Hugh Hefner, Playboy Enterprises Inc.'s iconic founder, is offering to buy the shares of the media empire that he doesn't already own and take the company private in a deal that values the organization at $185 million.

Hefner, 84, the company's chief creative officer who's known for his silky pajamas and young, curvaceous girlfriends, plans to team up with private equity firm Rizvi Traverse Management LLC for the deal.

Hefner founded Playboy in 1953 and turned the publication and its scantily clad models into a cultural mainstay. But in recent years, Playboy has faltered as advertising revenue dwindled and competition grew.

In late 2008, Hefner's daughter Christie resigned as chairman and CEO. Scott Flanders replaced her last summer.

Since then, speculation has mounted that Playboy would seek a suitor, for a merger or acquisition.

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But that's something Hefner appears to oppose.

In his letter to Playboy's board of directors, Hefner said he has no plans to sell his shares -- or the company. He rebuffed any suggestion that there should be a merger between Playboy and other potential bidders.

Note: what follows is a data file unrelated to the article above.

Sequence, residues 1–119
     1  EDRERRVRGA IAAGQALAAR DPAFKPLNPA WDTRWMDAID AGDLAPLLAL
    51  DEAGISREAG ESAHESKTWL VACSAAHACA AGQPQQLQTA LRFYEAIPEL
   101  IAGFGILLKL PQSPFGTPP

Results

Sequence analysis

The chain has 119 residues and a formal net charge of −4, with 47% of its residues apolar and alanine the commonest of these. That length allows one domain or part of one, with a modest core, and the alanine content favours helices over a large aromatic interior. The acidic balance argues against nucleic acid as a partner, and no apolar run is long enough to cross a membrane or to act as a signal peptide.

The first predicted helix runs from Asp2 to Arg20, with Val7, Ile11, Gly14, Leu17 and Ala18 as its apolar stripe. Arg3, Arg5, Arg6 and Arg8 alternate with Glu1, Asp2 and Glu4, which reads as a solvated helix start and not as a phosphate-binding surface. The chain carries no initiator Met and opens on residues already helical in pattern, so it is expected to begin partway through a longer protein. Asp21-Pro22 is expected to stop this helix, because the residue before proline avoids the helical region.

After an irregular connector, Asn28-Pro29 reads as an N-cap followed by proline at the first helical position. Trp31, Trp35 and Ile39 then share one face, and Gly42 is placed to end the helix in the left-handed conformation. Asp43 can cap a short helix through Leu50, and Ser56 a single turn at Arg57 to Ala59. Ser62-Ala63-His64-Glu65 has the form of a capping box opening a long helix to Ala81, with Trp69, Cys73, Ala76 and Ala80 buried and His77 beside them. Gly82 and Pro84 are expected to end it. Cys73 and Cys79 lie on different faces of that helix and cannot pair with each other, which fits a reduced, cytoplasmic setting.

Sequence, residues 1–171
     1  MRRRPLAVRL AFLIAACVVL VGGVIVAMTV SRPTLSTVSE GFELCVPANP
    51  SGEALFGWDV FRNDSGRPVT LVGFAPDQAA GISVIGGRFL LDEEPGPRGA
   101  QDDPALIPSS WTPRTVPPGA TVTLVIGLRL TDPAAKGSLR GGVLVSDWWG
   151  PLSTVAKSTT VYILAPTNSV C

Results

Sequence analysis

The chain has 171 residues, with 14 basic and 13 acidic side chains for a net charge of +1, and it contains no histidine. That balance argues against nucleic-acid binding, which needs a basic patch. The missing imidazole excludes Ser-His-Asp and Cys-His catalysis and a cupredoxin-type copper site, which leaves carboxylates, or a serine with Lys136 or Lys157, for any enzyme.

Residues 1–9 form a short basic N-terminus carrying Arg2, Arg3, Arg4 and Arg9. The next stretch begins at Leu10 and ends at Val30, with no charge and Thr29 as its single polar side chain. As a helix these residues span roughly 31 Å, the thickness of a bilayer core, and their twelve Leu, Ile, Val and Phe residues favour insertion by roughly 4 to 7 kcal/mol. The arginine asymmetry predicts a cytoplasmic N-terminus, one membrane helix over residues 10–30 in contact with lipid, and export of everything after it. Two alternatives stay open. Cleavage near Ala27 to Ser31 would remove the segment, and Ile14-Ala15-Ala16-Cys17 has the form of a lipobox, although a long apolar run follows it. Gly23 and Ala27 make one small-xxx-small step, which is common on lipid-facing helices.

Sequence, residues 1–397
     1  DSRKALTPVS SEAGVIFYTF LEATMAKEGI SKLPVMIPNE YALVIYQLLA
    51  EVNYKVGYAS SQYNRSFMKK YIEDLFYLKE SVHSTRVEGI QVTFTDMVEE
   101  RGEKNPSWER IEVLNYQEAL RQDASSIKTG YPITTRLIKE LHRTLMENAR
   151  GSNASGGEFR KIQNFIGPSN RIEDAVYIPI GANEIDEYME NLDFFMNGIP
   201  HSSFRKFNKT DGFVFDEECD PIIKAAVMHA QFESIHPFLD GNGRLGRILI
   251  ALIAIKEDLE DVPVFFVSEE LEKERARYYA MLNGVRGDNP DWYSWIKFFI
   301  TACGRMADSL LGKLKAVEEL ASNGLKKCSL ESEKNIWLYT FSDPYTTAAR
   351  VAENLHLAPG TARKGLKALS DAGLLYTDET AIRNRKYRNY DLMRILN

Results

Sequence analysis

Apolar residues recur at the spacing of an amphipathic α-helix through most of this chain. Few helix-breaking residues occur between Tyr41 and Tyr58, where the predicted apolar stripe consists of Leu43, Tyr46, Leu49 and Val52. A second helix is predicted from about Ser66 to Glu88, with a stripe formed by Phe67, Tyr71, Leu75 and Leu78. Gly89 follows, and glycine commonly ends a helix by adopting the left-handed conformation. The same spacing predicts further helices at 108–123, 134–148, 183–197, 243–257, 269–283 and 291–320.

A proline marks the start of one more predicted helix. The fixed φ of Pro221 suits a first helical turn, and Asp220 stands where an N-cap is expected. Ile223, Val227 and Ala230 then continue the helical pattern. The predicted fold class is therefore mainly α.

Playboy, which is headquartered in Chicago, described Hefner's offer letter as a proposal and said there was no guarantee it would get any formal bid from Hefner. But if it does, the board of directors will form a special committee to consider the bid.

Based on the number of shares outstanding on April 30, Hefner's proposal offers $122.5 million, or $5.50 for each share the magnate doesn't already own. That's a nearly 40 percent premium above Friday's closing stock price of $3.94.

At the end of April Playboy had 33.6 million shares of stock, of which Hefner owns more than 4 million shares in two stock classes.

The company's shares climbed $1.34, or 34 percent, to $5.28 in morning trading Monday.